Paper short abstract:
This paper will consider the fleshy revelations when the gap between an animal in a paddock and a piece of meat on a plate is scrutinised. It will explore the ethics and practicalities of animal and vegan agriculture, with references to Bull (Dark Mofo), zombies and fake burgers.
Paper long abstract:
The sweet, metallic scent of blood hits my nostrils contacting my brain. "Menstruation" is my first thought. "I'm hungry" is my second. These thoughts are neither expected nor welcome, as I help flense the flesh from the recently removed highland cattle skin. My brain seems to be echoing the slogan of 'sex and death' from the Museum of Old and New Art, and its promotion of fleshy performances.
This paper will explore what happens when we peer into the black box that sits between the bucolic paddock and the urbane dinner plate, revealing what is normally hidden from most western human-animal senses - the sight, smell, taste, feel, noise of non-human animal death, accompanied by an assortment of ethical arguments.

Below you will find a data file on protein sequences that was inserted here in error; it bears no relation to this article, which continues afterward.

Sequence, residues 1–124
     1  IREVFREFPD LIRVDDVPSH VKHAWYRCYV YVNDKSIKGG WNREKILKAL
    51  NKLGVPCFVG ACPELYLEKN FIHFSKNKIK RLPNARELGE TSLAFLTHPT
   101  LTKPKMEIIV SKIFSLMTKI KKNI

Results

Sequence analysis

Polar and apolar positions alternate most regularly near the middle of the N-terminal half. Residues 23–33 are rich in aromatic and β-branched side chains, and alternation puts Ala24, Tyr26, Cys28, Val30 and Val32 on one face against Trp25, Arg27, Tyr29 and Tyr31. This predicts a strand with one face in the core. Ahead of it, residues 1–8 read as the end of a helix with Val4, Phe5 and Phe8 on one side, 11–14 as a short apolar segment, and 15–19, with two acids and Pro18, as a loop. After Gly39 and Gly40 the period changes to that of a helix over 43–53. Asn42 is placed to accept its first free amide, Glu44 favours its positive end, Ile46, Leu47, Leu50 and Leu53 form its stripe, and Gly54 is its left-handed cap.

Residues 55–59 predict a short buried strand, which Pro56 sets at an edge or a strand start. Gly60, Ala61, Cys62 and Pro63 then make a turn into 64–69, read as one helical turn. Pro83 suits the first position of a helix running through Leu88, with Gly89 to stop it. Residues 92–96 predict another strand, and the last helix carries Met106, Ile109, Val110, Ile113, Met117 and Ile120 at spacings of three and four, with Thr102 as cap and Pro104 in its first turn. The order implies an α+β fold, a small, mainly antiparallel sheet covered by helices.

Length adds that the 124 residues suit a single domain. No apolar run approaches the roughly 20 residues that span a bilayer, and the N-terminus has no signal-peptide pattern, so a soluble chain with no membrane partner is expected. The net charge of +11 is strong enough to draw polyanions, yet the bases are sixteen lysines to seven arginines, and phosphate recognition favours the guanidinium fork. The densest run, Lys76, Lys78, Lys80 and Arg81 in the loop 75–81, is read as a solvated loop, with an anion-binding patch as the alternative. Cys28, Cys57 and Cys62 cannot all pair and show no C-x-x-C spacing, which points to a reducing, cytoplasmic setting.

I will be addressing ideas around the ethics of eating non-human animal meat, creeping into the 'modest proposal' (Swift 1729) of eating human-animal meat and the post-apocalyptic zombies who may come for us. I will ruminate: if sovereignty is the exercise of control over mortality, who then has the sovereign right over the deaths of non-human animals?
I will be considering ideas around vegan agriculture and the 'existential threat' (Peters 2018) posed by the Impossible Burger on an Air New Zealand flight, along with Peter Singer's admission that he would eat laboratory-grown meat. From this I will be considering Frankenstein's monsters and the potential for negative unintended consequences when moving from the paddock to the Petri dish.
I won't offer irrefutable answers, but I will tender a degree of disquiet.
Flesh in an age of death